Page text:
Adware vs. ad fraud

Adware vs. ad fraud

Adware and ad fraud are in the same business and both don’t care very much how they make money, as long as it keeps pouring in. But there are some major differences. To understand these differences it’s imperative to have a look at the separate entities.


Adware: any software application that shows advertisements while one of the components of the adware is running. The word is a contraction of advertising and software and often just regarded as “advertising-supported free-ware.”

This is the well-known trade-off of not having to pay for your software and having to look at some advertisements in return. While this simple business model may appeal to many of us, there are definitely boundaries. We draw lines at the amount of advertisements, the moment and the way they are presented to us (consider i.e. in-game advertising), and the kind of advertisements (i.e. pop-ups of an adult nature may give those looking over your shoulder the wrong idea).

There are also some criteria that security vendors take into consideration when classifying adware:

  • Do the advertisements disappear when you uninstall the software they came with?
  • Was the user given a warning and a chance to opt-out during install?
  • What is the nature of the changes the adware makes on the affected system?
  • How easy is it to remove under normal circumstances?
  • What is the impact on the user’s privacy?
  • Does the adware grab permissions to update itself or install other similar programs?

This is why you will see (most) adware classified as potentially unwanted programs (PUPs), some as spy-ware, and others could even be classified as Trojans.

Ad fraud

Ad fraud: a type of fraud that lets advertisers pay for advertisements even though the number of impressions (the times that the advertisement has been seen) is enormously exaggerated. There are many different methods to achieve this:

  • SEO fraud – sites are artificially made to appear to be very popular, so advertisers will pay high prices for advertisements nobody may ever see.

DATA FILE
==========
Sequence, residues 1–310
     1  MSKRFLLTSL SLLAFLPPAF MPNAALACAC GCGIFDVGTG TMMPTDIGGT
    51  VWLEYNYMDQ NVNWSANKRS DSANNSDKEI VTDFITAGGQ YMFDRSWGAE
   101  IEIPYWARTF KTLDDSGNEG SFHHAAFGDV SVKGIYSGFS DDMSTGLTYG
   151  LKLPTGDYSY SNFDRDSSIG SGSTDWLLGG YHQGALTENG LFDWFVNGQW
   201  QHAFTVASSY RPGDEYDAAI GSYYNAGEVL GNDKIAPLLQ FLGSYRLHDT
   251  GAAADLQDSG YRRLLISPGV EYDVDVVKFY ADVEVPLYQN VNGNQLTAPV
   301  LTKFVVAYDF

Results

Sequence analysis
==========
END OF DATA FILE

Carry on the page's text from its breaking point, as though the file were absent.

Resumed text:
• Stacking or stuffing – sites are filled with lots of advertisements. Sometimes on top of each other, or sometimes only one pixel big. When someone visits the site, all the advertisements register one impression.
  • Domain spoofing – the site where the advertisement is placed is another one as the advertiser expected. He pays a high price for a site with low or no traffic.
  • Click fraud – systems that are part of a botnet or have some other Trojan infection, are sent to visit a site (or click on a URL). Despite the amount of impressions, the return value of the click is very low. The chance that the potential customer is mad at you, is bigger than the chance he’ll buy something.

The malware involved in this type of fraud is usually classified as a Trojan as the systems are remotely controlled and told to visit a site (to heighten the popularity) or click a URL (to register an impression). As you can imagine, hiring a botnet to do these tasks for you is a lot cheaper than owning and running large server farms, although this happens as well. Or they sometimes pay people in low-income countries to do micro-tasks for micro payment.


So, we have seen that both adware and ad fraud earn their money in the advertising business. But the means are very different. While the main victims of adware are the users that may have knowingly installed advertising supported software, in the case of ad fraud the main victims are the advertisers. Even though there might be unsuspecting users running click-bots or multi-purpose bots.


Pieter Arntz


Pieter Arntz

Malware Intelligence Researcher

Was a Microsoft MVP in consumer security for 12 years running. Can speak four languages. Smells of rich mahogany and leather-bound books.